The effect of moon on amphibian breeding phenology has been widely recognized31,52, however, we did not find any effect of the moon phase on the breeding migration of the Common Spadefoot Toad (Table 1). Costs and benefits to amphibians migrating under full/new moons are highly species-specific and are related to the ecology of the species52; our results suggest that other factors (e.g., temperature, precipitation, humidity) have a greater influence on triggering the onset of toad migrations. Indeed, for ephemeral pond breeders that have a short time window for reproduction and larval development, the migration should be more associated with events that increase the successful development of larvae, such as precipitation events that raise water levels44.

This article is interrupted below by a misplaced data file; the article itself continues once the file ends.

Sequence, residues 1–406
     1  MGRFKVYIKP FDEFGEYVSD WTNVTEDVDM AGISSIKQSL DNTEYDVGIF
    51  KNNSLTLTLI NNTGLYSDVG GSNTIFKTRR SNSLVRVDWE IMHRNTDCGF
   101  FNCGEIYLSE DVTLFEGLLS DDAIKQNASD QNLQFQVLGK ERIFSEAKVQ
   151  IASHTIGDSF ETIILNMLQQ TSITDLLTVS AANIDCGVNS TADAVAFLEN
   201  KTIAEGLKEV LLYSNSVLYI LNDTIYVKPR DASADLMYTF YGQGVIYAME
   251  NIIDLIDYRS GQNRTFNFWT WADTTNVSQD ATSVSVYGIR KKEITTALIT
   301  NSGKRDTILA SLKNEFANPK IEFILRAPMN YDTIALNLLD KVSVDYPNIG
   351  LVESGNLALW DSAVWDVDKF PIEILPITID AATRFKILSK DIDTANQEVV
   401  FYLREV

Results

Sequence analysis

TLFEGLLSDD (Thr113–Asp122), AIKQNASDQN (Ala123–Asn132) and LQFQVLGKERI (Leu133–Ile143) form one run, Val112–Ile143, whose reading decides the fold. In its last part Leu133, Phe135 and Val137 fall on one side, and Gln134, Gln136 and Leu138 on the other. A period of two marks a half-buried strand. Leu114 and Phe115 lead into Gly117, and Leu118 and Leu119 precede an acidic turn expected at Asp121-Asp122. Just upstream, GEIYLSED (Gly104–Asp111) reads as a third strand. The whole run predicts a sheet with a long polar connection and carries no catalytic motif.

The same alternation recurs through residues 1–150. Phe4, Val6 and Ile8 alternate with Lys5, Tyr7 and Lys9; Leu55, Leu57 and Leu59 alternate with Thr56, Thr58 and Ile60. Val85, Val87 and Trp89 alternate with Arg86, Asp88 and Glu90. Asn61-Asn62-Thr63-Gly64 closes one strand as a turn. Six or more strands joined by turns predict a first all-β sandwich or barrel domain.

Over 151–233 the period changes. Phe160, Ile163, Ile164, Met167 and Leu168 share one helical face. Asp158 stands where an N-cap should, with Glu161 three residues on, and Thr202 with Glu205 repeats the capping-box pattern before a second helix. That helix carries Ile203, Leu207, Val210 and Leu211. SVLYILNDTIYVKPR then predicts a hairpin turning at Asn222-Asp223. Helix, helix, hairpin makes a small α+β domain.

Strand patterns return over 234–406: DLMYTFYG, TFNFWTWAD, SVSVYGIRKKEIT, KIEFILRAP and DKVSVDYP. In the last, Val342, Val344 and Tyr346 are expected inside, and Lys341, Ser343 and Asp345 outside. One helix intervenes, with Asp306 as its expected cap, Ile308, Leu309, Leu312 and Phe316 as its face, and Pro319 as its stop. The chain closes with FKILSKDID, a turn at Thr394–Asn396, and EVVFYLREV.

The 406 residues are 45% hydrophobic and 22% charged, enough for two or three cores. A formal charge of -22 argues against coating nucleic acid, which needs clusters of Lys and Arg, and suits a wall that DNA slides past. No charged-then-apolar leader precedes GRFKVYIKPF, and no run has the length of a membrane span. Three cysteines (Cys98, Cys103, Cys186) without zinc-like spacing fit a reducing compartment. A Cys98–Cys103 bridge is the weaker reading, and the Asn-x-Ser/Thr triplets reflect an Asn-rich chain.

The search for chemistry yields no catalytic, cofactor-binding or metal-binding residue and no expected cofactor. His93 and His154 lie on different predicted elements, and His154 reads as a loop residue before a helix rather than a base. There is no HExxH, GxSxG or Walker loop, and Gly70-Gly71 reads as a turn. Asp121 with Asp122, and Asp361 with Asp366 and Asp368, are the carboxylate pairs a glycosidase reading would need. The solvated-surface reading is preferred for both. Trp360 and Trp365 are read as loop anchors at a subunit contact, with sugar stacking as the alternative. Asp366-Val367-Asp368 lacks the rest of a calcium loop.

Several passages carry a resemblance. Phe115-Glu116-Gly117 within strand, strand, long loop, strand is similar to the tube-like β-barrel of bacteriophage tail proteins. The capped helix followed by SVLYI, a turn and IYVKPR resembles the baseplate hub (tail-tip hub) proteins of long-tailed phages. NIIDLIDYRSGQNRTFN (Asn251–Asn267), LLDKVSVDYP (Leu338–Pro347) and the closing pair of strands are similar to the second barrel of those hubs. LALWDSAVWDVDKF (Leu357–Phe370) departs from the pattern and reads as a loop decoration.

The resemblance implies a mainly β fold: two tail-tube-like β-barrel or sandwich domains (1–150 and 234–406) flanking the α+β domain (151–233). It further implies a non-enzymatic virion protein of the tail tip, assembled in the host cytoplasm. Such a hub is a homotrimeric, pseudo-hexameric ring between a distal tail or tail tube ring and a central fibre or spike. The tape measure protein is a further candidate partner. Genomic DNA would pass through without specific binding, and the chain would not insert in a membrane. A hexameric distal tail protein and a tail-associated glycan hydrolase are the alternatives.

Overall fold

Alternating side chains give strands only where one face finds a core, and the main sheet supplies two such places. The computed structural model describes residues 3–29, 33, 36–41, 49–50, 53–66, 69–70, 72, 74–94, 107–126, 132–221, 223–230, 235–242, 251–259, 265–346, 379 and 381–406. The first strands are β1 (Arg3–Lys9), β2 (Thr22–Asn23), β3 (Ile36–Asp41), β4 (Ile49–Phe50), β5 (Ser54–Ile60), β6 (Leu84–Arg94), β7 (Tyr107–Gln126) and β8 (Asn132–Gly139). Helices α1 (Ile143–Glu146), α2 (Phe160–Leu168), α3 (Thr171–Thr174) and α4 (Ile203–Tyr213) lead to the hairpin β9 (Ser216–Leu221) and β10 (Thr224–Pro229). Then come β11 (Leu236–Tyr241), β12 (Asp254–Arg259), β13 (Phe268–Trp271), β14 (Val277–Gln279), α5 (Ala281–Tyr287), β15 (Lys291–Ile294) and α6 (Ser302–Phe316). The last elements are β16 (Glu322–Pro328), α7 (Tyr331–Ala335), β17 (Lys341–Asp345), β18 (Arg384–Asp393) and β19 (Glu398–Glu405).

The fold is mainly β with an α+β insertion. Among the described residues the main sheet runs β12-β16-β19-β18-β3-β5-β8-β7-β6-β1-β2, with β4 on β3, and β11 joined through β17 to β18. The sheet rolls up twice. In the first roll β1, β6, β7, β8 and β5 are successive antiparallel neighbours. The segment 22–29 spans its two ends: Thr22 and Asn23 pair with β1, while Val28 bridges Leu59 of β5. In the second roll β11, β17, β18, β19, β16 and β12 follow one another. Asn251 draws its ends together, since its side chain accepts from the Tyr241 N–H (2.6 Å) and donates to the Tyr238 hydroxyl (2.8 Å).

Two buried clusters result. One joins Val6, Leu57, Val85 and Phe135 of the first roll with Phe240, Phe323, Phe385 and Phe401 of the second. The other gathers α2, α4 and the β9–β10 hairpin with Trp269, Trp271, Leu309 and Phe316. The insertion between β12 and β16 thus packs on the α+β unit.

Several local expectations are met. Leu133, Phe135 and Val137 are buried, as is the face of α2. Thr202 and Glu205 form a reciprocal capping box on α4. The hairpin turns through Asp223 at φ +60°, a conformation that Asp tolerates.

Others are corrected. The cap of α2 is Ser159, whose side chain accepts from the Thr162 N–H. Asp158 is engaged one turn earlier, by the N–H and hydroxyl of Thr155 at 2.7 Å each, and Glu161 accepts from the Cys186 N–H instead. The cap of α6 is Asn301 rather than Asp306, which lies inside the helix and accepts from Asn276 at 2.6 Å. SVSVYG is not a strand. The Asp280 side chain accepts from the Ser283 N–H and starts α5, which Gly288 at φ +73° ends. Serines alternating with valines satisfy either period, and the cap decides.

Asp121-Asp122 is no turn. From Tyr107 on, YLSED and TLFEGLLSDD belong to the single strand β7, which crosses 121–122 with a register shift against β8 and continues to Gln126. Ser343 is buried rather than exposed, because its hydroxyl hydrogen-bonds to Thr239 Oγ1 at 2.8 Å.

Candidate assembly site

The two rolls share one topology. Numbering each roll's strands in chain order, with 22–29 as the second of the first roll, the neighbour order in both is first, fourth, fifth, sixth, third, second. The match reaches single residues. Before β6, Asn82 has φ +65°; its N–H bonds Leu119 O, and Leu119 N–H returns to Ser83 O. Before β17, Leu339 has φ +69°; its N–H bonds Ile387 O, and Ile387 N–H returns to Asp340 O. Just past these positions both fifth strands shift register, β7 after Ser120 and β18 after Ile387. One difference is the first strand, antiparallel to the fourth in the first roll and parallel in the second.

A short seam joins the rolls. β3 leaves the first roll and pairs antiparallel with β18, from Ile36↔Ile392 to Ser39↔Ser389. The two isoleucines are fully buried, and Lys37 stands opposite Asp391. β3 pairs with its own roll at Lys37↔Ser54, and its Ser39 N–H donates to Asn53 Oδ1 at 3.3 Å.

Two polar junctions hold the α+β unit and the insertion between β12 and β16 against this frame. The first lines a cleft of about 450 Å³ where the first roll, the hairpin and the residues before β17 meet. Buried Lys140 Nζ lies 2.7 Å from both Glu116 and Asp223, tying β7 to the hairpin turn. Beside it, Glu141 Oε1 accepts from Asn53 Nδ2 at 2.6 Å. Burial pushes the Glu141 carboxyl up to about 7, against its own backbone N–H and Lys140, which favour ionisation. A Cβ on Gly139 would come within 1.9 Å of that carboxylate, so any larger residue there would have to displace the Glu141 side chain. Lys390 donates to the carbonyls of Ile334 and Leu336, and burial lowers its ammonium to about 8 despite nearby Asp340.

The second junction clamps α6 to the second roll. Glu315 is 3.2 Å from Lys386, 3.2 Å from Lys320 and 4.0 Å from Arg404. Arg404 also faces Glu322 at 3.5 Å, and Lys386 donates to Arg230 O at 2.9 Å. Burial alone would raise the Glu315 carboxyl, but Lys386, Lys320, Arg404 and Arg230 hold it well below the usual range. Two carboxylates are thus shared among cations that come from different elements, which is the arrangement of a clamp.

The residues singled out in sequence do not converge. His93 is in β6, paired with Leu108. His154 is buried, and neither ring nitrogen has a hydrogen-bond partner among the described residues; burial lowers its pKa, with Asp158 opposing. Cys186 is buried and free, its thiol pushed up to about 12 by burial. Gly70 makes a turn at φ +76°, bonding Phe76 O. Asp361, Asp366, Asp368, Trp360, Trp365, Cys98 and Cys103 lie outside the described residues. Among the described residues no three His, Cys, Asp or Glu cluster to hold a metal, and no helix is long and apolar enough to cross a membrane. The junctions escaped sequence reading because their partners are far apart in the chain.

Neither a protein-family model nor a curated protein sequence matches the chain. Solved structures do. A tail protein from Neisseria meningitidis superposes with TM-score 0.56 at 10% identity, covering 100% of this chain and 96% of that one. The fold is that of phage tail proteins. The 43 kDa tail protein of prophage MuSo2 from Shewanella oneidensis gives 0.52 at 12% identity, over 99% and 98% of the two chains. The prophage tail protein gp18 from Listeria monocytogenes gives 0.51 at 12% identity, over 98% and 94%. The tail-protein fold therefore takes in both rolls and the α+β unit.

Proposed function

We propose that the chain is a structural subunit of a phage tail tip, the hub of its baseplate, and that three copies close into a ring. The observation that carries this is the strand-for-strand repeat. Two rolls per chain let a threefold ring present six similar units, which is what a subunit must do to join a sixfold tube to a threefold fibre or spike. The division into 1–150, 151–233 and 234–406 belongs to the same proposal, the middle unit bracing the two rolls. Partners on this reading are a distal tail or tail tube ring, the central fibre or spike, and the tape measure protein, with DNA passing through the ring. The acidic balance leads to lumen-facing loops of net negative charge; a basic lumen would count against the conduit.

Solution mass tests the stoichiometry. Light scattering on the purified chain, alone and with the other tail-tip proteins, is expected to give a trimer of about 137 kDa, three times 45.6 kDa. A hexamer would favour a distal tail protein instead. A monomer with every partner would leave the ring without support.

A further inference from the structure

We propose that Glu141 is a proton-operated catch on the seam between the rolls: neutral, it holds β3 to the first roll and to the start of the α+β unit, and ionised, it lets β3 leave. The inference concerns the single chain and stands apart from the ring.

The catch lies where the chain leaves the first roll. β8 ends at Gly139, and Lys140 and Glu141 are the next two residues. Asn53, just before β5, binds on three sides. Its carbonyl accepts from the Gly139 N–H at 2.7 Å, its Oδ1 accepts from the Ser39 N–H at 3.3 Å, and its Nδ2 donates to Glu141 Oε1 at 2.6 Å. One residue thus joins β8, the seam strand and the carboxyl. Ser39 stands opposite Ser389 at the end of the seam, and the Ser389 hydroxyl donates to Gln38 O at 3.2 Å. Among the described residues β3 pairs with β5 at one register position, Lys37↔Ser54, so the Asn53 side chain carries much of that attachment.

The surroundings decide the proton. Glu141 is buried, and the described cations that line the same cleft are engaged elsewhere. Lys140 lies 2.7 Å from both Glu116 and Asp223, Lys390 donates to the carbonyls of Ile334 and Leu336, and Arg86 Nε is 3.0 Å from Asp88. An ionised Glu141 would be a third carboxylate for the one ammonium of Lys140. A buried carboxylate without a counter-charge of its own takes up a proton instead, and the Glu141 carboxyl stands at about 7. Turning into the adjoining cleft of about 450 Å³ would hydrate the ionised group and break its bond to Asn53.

So far, the existing literature has documented a general trend of anticipating the breeding phenology across taxonomic groups in response to climate change10,53,54,55. Among animals, amphibians are the group that displays the strongest relationship between phenological shifts and changing climate, with an average spring migration advancement that goes from 2.6 to 13 days, depending on the species24,26,28,56,57,58,59. Even if phenological delays have been reported in some amphibians, most of them were attributed to fall-breeding species where delay in migration is expected due to warmer summers30. Our study is one of the very few to find a delay in the reproductive migration of a spring-breeding amphibian (12.4 days in 8 years), even though there has been an increase in the average temperature over the years as in other studies (~ 0.4 °C each year). Moreover, the magnitude of the delay was considerably larger than the only other study known to us in which a delay in spring breeding migration was documented (2.8 days in 20 years29).